Did Salt Bae Commit a Crime by Serving Venezuelan President Maduro?

Photo: Twitter/@Nusr-ett

Amidst the public outrage and protests against Salt Bae and Nusr-Et Steakhouse, the meat slicing and salt pouring icon may have inadvertently stumbled into the world of U.S. economic sanctions, which currently target the President of Venezuela, Nicolas Maduro. While the U.S. government may investigate and enforce any applicable sanctions violations, these lamb chops also provide an interesting example of how economic sanctions work.

On Monday, Nustret Gökçe, commonly known as Salt Bae, posted a video on his Instagram account showcasing his meat slicing technique as he served President Maduro at a Nusr-Et location in Istanbul. Unbeknownst to Salt Bae, he may have also published evidence of a crime. On July 31, 2017, President Maduro was designated as a Specially Designated National (SDN) by the U.S. Department of Treasury’s Office of Foreign Asset Control (OFAC) under Executive Order 13692, which had declared the rampant corruption and human rights abuses in Venezuela to be a U.S. national emergency. Maduro was designated as an SDN for a number of reasons, including holding illegitimate elections, violating the human rights of voters and protestors, and, most relevant here, allowing tens of millions of Venezuelans to go hungry by “refus[ing] to import sufficient food for the Venezuelan people . . . and reject[ing] offers of humanitarian aid.”

Designating someone as an SDN can have serious ramifications for the designee as well as their supporters. U.S. persons are prohibited from engaging in virtually all transactions or dealings with SDNs or with property in which the SDN may have any interest whatsoever. Even foreign persons can be at risk, as OFAC has the authority to designate any person who provides goods or services to SDNs. By designating someone as an SDN, the U.S. government aims to isolate that person from the global financial system. For this reason, the government enforces sanctions against companies and individuals that do business with SDNs, rather than against SDNs directly.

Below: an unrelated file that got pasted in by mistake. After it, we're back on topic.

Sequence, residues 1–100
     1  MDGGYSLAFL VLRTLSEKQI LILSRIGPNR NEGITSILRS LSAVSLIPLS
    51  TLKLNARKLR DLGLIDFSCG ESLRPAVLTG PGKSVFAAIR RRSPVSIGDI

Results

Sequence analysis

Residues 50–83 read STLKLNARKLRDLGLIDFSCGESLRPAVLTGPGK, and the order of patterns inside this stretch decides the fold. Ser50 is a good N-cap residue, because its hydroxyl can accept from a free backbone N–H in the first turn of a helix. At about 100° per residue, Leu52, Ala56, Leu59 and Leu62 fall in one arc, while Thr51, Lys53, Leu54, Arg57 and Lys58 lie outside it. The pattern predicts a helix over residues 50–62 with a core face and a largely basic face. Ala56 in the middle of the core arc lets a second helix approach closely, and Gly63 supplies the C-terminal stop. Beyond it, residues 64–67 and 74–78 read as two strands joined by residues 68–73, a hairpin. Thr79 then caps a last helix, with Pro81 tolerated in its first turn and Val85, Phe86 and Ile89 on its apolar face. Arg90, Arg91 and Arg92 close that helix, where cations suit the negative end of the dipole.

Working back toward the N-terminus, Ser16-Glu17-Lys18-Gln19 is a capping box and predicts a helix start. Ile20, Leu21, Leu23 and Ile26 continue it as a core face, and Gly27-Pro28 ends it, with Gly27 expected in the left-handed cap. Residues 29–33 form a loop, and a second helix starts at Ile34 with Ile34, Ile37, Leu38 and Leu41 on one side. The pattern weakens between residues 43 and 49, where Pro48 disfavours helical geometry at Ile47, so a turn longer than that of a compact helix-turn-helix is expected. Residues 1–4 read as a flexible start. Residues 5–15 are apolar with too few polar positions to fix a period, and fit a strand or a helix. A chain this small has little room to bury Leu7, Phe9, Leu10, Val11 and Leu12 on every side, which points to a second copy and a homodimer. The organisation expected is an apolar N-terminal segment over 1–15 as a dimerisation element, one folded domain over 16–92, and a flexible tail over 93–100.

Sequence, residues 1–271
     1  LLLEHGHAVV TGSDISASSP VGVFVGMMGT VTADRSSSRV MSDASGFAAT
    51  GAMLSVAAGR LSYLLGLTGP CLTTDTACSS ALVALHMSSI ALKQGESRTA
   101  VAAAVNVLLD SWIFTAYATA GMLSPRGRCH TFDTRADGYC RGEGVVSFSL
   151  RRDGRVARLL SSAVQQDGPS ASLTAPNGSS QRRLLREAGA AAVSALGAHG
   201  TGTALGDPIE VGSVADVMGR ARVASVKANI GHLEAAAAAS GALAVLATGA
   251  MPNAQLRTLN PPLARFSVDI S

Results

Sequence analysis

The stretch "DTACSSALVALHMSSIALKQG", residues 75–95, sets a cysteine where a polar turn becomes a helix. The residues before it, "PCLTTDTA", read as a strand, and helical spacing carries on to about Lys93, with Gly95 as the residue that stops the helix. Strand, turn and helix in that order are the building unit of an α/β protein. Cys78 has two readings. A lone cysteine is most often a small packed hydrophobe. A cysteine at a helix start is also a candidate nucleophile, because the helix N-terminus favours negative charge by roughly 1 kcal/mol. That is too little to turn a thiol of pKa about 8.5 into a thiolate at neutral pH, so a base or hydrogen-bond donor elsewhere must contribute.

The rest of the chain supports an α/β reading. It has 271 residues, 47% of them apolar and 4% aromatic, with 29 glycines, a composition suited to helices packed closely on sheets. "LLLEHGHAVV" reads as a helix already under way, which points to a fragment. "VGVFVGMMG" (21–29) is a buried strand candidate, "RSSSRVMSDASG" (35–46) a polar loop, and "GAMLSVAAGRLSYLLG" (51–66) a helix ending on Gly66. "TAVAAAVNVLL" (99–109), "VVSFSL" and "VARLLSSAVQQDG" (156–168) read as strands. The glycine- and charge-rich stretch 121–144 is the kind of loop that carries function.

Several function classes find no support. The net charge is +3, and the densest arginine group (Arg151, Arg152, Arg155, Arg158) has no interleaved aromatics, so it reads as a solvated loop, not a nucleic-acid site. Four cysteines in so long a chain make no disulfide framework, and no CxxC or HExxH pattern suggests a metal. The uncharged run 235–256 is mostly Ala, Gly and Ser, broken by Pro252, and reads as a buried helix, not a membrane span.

In this particular case, it is not clear whether Gökçe or the Istanbul Nusr-Et location would qualify as U.S. persons. Gökçe would need to either be a U.S. citizen, permanent resident, or be located in the U.S. at the time that the prohibited activity occurs. The Istanbul location of Nusr-Et Steakhouse would need to be part of a company organized in the U.S.

Assuming that either of the two are U.S. persons, then any property in their possession in which Maduro had an interest would be considered blocked – meaning that U.S. persons would be prohibited from transacting or dealing with that property. While OFAC tends to focus on money and valuable personal or real estate property, there is a potential case to be made that the lamb chops (and yes, even the salt) would be deemed blocked. After all, there is video evidence of Maduro expressing real interest in how his food is being prepared. In this case, Gökçe or his restaurant could be exposed to fines and jail time for a violation of the International Emergency Economic Powers Act (“IEEPA”), the statute that authorized President Trump to designate Maduro. Even if Gökçe and his Istanbul restaurant are not U.S. persons, the Secretary of the Treasury would be authorized to designate one or both parties as SDNs for providing goods (the food) and services (cooking and the knife show) to Maduro.

If payment was made for the services, and the funds came into possession of a U.S. person or a U.S. financial institution then the funds should have been held in a blocked account. In either case, the risk is still present even if Maduro did not pay for the dinner directly or at all (i.e., if the food and show was on the house). The sanctions prohibitions attach not just to the SDN, but to any property in which they have an interest, regardless of whether the SDN is a party to the transaction.  U.S. economic sanctions are a strict liability regime, which means that the government does not need to prove or find knowledge or willfulness in order to enforce a civil violation. Put differently, as long as activity has technically violated the sanctions rules, participants can be subject to a civil violation (or designation) by OFAC. In this case, this means that Mr. Gökçe could face some exposure even if he did not know Maduro was sitting at the table. The U.S. government expects U.S. and foreign parties to conduct due diligence and make sure none of their customers are SDNs.

OFAC may pursue some form of legal action against Nusr-Et Steakhouse, Salt Bae, or their financial institutions if it wishes to make a point that even high-profile celebrities are prohibited from wining and dining (or smoking and chopping) it up with an SDN.  It would not be the first time OFAC has taken action against a restaurant.

Contributing authors: Mohsen Zarkesh and Oliver Krischik